"The Bork defeat showed markets very clearly that President Reagan is a total lame duck who doesn't have the power to control events," one White House aide admits. "It's hard to see what Reagan can do, unless he can come up with something pretty dramatic."

Most analysts believe that a concerted effort by the president and Congress to attack the federal budget deficit could calm market fears. The president opened the door to such a grand compromise yesterday. In an announcement made after conferring with Mr. Greenspan and the two Mr. Bakers, the president abandoned his harsh anti-tax rhetoric and called for "bipartisan" negotiations with Congress.

Nevertheless, continued partisan squabbling leaves the outcome of any such talks in doubt. And meanwhile, the monkey is on Mr. Greenspan's back. "I think the response is going to have to come from the Federal Reserve," says Sen. Nancy Kassebaum, a Kansas Republican. "It's unfortunate. We let the Fed solve our inflation problem in the early 1980s. Now, we're going to be looking to the Fed again."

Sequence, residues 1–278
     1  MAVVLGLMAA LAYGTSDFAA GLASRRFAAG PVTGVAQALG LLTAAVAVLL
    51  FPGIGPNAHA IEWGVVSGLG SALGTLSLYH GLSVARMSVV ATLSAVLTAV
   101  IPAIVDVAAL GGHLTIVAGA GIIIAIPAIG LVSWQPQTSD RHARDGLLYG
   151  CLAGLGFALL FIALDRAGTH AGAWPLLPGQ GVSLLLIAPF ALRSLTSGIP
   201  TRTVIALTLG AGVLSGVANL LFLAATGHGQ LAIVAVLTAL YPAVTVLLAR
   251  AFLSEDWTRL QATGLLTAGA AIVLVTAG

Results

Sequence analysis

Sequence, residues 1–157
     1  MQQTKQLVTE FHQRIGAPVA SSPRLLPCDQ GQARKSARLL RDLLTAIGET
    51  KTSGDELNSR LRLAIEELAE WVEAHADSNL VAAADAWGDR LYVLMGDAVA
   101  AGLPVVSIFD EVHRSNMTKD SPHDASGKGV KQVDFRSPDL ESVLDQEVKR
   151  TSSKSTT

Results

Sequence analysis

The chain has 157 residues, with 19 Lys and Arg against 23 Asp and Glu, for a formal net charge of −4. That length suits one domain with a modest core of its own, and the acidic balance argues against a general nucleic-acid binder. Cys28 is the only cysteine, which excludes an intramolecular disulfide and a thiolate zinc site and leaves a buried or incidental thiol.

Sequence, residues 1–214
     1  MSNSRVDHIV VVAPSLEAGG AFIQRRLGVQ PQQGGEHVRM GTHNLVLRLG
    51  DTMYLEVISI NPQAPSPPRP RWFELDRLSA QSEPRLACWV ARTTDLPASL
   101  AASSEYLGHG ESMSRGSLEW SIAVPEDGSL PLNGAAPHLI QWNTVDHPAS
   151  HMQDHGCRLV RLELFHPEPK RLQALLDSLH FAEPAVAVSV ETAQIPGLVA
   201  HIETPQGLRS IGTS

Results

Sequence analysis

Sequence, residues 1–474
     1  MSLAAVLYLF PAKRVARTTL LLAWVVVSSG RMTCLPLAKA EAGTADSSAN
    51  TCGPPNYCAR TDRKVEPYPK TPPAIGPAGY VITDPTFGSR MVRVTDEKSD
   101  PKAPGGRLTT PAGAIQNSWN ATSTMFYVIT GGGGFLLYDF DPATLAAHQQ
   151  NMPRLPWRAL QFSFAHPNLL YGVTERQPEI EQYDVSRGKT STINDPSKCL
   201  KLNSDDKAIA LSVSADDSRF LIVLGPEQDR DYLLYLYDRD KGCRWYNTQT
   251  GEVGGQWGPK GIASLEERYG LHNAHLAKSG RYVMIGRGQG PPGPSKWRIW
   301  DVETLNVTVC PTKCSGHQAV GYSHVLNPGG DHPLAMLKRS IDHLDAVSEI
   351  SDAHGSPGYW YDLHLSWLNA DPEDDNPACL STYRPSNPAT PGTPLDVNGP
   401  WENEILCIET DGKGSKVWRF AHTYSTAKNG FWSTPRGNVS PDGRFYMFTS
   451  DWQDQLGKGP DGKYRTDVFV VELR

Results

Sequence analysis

But it isn't clear just how much the Fed can do in the face of huge budget and trade imbalances, which require the U.S. to keep its interest rates high enough to finance the twin deficits. "People have been trying for years to tell Congress and the administration that eventually the budget deficit will put the Fed in a position where it doesn't have any options left," says former Fed Governor Lyle Gramley. "Well, it's there now. It's a no-win game."

In the efforts to restore market confidence, administration officials have emphasized that the economy's "fundamentals" remain sound. That was certainly true last week. Employment looked strong, inflation was low, and consumer spending and investment were holding up reasonably well.

But the market's nose dive could change those fundamentals substantially. In just a week, the market has wiped out -- on paper -- nearly a trillion dollars of wealth. Among those who were hard hit, that is likely to damp enthusiasm for spending money on houses, cars, furniture and appliances. And lower stock prices will hobble businesses trying to raise the money needed for capital investment.